Go to Day Eight
I’ve implied that a person’s image of God looks very much like they do. Notwithstanding epistemology and ontology about God and His existence, I find myself back with Jonah, siting outside Nineveh, angry that God has saved the city.
“This, O Yahweh, is exactly what I said when I was back in my own country,” Jonah complains after God is merciful. “That is why I fled, earlier, on the open sea,” he continues, “I knew that you were a God who is gracious, compassionate, patient, firmly loyal, and one who decides against disaster.”
I’ve pointed out elsewhere, that we pray, “Forgive us our trespasses as we forgive those that trespass against us – except that one guy. He’s got it coming, Lord!”
I’ve suggested also, without much research, that the phrase is conditional; our forgiveness is at least related to how or if we forgive others. Jonah’s desire is that God do things the way he thinks they should be done. When God fails to do this, Jonah wants to die.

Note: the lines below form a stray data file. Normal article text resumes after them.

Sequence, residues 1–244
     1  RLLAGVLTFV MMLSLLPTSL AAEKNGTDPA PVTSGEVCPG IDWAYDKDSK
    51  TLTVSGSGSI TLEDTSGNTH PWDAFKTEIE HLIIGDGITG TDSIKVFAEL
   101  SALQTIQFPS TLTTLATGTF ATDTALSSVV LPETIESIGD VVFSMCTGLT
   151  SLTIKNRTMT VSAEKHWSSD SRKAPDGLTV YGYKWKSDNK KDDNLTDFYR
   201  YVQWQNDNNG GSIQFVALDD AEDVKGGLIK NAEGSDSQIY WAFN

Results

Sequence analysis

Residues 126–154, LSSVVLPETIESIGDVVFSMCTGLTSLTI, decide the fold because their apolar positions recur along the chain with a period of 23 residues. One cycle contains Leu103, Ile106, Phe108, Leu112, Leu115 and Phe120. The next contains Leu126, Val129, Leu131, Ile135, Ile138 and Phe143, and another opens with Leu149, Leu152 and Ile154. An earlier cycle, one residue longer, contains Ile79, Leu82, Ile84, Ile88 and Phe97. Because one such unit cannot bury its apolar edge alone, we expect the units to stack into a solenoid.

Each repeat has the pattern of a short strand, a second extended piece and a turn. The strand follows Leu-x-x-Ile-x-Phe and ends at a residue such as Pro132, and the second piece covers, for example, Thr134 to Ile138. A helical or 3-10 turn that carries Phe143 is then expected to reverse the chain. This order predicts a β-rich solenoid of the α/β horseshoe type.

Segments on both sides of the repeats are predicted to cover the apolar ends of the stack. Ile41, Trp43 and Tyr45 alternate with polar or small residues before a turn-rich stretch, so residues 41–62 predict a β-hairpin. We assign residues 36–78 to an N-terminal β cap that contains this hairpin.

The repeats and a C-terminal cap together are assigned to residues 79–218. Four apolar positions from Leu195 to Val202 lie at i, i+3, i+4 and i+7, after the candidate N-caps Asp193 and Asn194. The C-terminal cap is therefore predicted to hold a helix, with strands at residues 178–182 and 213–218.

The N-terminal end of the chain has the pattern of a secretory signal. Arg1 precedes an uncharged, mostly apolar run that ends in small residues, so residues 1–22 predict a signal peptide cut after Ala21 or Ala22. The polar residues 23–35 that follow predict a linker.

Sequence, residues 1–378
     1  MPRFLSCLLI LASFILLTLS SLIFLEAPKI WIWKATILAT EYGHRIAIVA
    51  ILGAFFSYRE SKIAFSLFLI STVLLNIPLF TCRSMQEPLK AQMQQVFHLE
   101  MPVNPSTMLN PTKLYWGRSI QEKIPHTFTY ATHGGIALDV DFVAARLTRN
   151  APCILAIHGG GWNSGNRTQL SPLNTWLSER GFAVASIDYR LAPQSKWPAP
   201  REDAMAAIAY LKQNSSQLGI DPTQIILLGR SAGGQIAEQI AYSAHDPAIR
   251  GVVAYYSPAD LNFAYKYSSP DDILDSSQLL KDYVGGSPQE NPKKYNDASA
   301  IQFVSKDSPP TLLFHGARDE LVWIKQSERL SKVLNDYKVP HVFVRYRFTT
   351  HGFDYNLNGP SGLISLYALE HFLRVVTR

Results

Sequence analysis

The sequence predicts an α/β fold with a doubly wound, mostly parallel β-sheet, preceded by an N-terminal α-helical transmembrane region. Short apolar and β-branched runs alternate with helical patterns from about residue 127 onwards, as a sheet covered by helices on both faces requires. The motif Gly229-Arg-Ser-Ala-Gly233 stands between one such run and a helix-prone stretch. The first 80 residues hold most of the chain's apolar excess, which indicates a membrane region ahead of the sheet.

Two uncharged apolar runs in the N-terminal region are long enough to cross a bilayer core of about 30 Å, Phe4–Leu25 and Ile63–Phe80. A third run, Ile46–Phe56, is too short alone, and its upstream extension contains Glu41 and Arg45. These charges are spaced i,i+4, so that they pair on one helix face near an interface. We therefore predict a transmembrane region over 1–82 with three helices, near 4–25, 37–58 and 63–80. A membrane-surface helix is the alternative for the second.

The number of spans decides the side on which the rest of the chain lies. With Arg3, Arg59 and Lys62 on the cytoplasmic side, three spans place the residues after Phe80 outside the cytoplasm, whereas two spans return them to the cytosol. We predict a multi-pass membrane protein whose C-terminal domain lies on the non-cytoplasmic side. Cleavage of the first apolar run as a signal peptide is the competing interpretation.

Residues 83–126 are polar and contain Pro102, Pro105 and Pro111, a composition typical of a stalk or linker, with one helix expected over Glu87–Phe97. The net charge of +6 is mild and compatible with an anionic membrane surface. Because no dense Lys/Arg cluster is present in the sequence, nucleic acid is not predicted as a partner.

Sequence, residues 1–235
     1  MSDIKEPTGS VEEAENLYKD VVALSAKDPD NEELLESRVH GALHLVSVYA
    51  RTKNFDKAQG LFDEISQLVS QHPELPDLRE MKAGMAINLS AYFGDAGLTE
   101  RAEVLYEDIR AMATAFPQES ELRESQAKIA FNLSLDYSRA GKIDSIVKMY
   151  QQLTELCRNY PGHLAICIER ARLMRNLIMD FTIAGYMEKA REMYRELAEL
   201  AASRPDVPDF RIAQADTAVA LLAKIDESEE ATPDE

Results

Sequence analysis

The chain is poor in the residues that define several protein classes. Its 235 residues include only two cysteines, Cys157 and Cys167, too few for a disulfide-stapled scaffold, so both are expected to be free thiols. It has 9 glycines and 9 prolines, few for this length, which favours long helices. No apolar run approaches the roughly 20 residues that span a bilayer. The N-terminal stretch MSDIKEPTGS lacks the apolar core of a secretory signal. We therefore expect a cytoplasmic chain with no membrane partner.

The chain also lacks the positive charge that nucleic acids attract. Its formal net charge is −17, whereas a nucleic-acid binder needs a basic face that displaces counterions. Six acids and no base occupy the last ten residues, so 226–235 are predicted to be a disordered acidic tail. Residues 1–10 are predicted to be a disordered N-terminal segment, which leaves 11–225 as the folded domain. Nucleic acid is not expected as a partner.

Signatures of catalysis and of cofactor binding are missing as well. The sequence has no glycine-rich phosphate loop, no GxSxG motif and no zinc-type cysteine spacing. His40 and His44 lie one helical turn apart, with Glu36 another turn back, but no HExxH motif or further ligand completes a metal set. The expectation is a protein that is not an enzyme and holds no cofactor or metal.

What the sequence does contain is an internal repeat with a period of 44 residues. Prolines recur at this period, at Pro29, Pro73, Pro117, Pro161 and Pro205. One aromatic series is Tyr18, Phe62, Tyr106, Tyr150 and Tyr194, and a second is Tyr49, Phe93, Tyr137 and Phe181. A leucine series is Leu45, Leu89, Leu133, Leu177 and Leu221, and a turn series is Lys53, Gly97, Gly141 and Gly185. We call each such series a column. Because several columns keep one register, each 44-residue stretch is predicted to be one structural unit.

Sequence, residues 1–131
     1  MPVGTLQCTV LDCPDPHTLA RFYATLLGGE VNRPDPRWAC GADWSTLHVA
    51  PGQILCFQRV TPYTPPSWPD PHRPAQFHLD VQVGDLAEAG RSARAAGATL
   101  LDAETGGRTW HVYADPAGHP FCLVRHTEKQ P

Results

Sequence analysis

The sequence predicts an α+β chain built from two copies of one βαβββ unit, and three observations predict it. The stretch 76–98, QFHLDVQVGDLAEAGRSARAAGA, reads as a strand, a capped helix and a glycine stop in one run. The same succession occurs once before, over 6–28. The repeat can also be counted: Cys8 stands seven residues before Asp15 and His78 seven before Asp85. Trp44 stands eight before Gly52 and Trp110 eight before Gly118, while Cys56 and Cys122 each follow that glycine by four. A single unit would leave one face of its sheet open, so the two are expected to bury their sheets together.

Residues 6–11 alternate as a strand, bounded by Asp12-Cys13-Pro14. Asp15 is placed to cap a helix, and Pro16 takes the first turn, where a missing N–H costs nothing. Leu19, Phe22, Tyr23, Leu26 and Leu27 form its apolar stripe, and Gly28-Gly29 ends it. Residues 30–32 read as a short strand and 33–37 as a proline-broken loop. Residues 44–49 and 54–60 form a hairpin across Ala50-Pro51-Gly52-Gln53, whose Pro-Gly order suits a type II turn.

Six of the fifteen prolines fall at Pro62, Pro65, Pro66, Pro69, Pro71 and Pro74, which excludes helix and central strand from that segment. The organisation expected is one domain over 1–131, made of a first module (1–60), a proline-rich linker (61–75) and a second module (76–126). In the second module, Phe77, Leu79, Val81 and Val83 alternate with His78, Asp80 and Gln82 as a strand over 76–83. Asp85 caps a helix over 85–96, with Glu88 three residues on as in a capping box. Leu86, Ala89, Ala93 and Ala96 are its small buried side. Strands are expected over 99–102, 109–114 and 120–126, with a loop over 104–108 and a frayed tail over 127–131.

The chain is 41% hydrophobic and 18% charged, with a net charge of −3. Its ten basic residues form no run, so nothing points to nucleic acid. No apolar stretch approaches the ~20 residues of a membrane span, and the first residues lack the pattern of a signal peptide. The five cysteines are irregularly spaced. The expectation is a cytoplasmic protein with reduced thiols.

God asks, “What right do you have to be angry?” Douglas Stuart’s translation also offers, “Does it do any good for you to be angry?” one that I prefer. I feel that He is asking me the same question.
And it is a question. God could have told Jonah, “You have no right to be angry.”
I have one go to emotion: Anger. Anger is how I have survived the traumas of life large and small, it’s been my sword and shield; it flows through my words when I speak and out my fingertips when I type. And this question along with Hexagram 6, Conflict, makes me think He’s telling me to let go of it.
I have to ask God a question back, “Where do I go from here?”
Go to Day Ten